A.S.: The movies that really had an impact on me growing up would have to be “Lords of Dogtown”, “Thirteen”, “Elephant” and “Paranoid Park.” The intelligence and innocence in the performances of young John Robinson, Evan Rachel Wood, Nicki Reed, etc. really stick out to me-there’s something so captivating about their vulnerability and simplicity. Catherine Hardwick and Gus Van Sant are two of my absolute favorite filmmakers for so many reasons. I love films that make you care about the characters involved in a way that feels natural. I love “Elephant” because of how realistic and innocent the performances were. I think that films that stay true to life and actors that don’t exaggerate or over-act really sell it for me. I love those films where the ambiance and mood is dark, and kind of heavy-that feeling of knowing something is going to happen, it’s just a question of when and why. Those are the ones I love. I also think that creating characters who aren’t just black and white, good or evil, is so important. Make an audience think-write the good and bad of human beings. Those are the things I like to see, and the characters that stick with me most.
M.M.: If you could make any kind of film, with an unlimited budget, what type of movie would you make and why?
A.S.: Wow, what a question! I have two ultimate fantasy type situations. One would be a dystopian-style teen survival film (or series!) much like “Hunger Games” or “Divergent.” I think that would be a wild experience to work on a set like that and to create that world. One that I’m actually working on now is a rock and roll feature length script set in the 90s; drugs, sex and rock and roll-centered around a female band. So I would imagine the budget for that is going to be astronomical-but I’d love to do it!
M.M.: So far, what has been the most rewarding thing about being involved in the movie industry?
A.S.: A really rewarding aspect of this whole industry for me would be the open-mindedness of other actors and the excitement that comes from them. Specifically in the case of “Dark Blue”, it’s my first script to screen ever-which is scary and new to me, and casting was something I was nervous about, I had a lot of self-doubt and would ask myself “would people want to work on this?” etc. The excitement from the actors I ended up casting is one of the coolest, most surreal feelings I’ve ever experienced. It’s amazing that such a talented cast (Jonathan Drew, Noelle Lake, Thomas DiCostanzo and Abigail Blades Watson) are excited to work with me. And then there’s our director, Doug Bollinger, who’s so established, professional and well known in the horror film world-it’s crazy. I think the most rewarding part is definitely the collaboration that comes with creation.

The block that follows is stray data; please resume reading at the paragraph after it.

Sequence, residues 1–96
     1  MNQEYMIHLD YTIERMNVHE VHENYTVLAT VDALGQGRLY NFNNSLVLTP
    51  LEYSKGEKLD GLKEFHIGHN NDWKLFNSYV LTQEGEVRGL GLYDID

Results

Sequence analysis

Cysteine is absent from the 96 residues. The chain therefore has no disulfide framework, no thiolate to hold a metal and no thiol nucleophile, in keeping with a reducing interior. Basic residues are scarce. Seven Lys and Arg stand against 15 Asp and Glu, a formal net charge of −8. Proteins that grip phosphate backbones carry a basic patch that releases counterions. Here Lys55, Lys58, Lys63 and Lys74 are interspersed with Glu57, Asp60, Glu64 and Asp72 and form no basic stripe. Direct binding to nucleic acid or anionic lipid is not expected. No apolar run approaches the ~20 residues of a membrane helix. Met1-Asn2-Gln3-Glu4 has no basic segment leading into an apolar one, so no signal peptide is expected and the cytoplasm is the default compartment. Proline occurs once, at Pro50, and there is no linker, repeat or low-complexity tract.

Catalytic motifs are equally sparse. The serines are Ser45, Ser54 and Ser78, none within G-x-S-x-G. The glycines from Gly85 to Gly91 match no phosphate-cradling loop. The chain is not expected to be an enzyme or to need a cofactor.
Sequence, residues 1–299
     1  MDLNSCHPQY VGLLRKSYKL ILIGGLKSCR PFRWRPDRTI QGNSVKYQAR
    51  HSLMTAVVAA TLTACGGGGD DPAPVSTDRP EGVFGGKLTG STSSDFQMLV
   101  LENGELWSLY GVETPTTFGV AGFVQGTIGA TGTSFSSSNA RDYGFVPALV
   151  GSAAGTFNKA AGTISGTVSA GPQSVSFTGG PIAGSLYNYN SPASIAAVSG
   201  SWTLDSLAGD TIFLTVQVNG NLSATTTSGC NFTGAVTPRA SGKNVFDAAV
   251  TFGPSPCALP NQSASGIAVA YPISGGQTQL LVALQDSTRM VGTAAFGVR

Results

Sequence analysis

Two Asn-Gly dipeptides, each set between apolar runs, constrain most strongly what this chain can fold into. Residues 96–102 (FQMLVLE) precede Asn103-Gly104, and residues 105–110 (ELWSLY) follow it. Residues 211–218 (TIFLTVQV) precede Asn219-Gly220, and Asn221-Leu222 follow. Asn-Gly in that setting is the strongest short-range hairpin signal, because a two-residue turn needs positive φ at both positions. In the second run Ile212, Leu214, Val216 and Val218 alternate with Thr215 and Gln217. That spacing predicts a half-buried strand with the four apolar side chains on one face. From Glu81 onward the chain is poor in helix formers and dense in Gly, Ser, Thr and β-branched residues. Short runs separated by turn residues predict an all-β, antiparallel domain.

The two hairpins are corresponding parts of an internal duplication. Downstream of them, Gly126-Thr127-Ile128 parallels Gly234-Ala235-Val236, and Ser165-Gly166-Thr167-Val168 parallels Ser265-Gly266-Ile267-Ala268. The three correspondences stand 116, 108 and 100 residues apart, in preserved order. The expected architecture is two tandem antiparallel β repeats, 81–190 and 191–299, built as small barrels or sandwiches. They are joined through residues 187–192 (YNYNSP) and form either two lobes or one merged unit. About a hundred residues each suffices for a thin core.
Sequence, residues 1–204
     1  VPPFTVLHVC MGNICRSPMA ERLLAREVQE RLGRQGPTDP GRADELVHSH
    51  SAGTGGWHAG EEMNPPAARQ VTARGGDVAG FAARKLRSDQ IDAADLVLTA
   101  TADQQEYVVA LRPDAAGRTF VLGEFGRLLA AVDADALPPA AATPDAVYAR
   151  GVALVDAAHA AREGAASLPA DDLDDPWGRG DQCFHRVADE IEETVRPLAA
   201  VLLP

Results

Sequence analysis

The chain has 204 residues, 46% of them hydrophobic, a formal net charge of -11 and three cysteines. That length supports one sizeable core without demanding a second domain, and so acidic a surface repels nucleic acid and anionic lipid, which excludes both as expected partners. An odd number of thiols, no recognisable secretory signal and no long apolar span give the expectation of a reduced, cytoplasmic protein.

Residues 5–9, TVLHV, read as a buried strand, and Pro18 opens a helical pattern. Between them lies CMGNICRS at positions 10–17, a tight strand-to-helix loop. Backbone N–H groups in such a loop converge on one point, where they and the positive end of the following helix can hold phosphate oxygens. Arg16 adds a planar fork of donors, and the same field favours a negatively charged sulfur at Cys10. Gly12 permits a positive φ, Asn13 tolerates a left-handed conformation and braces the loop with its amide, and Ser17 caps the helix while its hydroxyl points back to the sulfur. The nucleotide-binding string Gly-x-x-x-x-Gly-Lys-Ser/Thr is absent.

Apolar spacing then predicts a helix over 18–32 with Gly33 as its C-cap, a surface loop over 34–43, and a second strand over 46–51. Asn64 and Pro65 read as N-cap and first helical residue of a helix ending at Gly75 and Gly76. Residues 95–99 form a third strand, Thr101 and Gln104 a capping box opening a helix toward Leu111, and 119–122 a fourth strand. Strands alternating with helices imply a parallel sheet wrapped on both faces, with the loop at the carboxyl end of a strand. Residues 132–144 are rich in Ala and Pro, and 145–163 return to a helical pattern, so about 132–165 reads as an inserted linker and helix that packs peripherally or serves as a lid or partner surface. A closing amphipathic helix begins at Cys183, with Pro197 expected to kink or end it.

M.M.: Career wise, where do you see yourself in ten years?
A.S.: Oh wow, I wish I knew! I’d love to think that in ten years I’ll be producing feature length scripts as a working writer and actress in the industry and hopefully growing as an artist, increasing budgets of films, and pushing the limits of character-driven stories.
M.M.: Do you have any upcoming projects that you would like to mention?
A.S.: “Dark Blue” films in February, so that’s taking a lot of my time, which is awesome. After that, a lot of effort is going to go to getting it onto the festival circuit. I’m continuously writing-and I have another short I’d love to put into pre-production. That script is yet another thriller–I can’t say too much yet but I do have some shorts I’m excited to work with after “Dark Blue.”
M.M.: What advice would you give to someone who is aspiring to become an actress/screenwriter?
A.S.: As far as acting, I really think that it’s important to push yourself creatively. Know what works for you, and always be open-minded. You never know what you’ll find out. As far as screenwriting, never get too attached to your dialogue. Focus on the story-focus on your character. Keep it bare bones-bigger isn’t always better. Elaborate settings might take away from your characters. Write what you know and stay true to the way people work, you know? Keeping things authentic makes a world of difference. And have fun with it. We’re all out here learning together-keep creating.
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To learn more about Ashley Steele visit her IMDB and follow her on Instagram via @ashleysteele129